That’s a lot of people.
In the triangle, that’s close to 2 million people.
We can’t do it alone.
So, we do it together.
Together with Jesus.
Let me tell you the story of Priscilla.
Priscilla had a child in need of childcare.
Priscilla searched online for a Childcare Center.
Priscilla found an ad that some of you developed.
Priscilla found an ad that your offerings helped support.
Priscilla visited Precious Lambs where some of you spend all kinds of time planning for, decorating, and building.
Priscilla enrolled her child in Precious Lambs where some of you taught her child about Jesus.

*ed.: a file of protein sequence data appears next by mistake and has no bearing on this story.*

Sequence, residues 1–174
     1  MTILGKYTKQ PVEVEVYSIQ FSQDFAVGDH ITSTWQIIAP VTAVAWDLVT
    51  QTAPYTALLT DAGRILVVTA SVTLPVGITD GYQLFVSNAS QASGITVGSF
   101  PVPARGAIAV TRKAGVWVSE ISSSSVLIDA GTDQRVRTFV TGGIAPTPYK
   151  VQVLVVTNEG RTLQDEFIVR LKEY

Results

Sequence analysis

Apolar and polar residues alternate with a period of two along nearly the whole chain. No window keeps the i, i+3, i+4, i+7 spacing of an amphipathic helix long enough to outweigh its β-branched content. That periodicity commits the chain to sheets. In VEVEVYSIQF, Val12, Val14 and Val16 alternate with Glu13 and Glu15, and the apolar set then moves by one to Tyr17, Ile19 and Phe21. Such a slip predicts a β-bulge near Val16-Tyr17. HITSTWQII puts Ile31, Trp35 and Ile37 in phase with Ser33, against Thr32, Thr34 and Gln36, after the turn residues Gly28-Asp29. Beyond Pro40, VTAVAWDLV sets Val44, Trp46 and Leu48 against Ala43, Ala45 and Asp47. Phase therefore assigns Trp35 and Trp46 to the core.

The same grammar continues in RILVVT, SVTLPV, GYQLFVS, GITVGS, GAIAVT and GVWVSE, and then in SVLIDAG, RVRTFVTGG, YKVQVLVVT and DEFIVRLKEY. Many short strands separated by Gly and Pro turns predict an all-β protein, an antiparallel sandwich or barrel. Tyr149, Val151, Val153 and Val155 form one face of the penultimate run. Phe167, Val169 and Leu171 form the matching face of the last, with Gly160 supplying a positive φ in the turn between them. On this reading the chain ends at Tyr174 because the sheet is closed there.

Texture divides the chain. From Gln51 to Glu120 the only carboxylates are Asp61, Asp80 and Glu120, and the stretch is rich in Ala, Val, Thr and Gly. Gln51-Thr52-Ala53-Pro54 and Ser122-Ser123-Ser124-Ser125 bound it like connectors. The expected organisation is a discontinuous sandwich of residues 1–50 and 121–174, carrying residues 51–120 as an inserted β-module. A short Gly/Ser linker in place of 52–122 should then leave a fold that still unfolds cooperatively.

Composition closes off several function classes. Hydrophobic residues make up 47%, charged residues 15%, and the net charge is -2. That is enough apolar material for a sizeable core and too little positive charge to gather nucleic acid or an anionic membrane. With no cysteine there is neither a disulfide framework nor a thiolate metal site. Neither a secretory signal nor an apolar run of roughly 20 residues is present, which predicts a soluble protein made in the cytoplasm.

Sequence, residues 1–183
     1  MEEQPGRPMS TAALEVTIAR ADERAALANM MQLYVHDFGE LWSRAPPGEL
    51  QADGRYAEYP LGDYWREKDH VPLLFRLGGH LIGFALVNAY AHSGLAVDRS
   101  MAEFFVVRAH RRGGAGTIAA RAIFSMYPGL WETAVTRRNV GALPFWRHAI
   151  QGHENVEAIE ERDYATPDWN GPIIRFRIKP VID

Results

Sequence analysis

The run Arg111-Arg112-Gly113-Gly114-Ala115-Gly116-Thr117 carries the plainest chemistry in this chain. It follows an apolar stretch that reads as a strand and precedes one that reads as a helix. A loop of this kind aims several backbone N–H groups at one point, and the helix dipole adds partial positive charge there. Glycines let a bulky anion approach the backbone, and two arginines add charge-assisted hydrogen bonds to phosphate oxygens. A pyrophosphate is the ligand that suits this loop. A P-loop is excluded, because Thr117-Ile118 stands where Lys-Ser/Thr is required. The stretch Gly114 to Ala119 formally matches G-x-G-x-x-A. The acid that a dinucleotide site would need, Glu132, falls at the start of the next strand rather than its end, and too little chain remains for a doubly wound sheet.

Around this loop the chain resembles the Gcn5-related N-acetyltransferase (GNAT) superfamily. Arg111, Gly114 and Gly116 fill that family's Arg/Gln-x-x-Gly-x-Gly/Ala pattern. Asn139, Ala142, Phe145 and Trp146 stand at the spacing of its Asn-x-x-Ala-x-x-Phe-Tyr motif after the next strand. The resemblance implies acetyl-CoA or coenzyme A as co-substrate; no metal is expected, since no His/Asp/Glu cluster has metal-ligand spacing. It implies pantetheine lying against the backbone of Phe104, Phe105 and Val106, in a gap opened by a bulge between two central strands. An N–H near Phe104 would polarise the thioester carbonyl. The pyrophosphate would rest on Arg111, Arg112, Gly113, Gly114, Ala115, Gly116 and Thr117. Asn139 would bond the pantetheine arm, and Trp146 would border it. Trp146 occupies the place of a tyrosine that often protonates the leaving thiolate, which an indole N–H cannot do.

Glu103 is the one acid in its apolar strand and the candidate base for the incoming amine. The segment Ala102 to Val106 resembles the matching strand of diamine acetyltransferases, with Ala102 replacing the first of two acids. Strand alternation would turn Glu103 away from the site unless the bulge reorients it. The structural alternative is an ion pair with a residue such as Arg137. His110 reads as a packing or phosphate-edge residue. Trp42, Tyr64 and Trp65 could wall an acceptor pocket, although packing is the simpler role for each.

Priscilla brought her child for worship where some of you greeted her, made friends with her, high fived her.
Priscilla now knows about her Savior.
Priscilla now knows about his love for her.
Priscilla now knows about his love for her – because God works through all of you to make that happen.
That’s the eternal importance of one.
May God guide us to see our eternal importance as we are motivated to see the eternal importance of others. Amen.
Last week we investigated the very first church meeting in the history of the church. The main outcome of that meeting was that grace means grace. Jewish believers couldn’t make a theological case for requiring non-Jewish believers to follow Jewish customs. Similarly, we shouldn’t make grace difficult for ourselves or others.
Grace means grace.
When the decision was finalized by all of the leadership, the next step was to make that decision known. Since this is the 1st century A.D., they couldn’t just tweet out their decision.
They needed to hand deliver the decision to the churches.